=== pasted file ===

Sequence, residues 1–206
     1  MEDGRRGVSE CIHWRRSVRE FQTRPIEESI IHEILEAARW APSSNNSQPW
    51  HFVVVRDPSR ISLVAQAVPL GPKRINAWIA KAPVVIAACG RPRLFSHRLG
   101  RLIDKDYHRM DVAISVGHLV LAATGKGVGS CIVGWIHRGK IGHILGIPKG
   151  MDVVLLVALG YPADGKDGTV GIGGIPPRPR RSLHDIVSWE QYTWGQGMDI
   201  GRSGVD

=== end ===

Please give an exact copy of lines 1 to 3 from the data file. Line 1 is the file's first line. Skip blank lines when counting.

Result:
Sequence, residues 1–206
     1  MEDGRRGVSE CIHWRRSVRE FQTRPIEESI IHEILEAARW APSSNNSQPW
    51  HFVVVRDPSR ISLVAQAVPL GPKRINAWIA KAPVVIAACG RPRLFSHRLG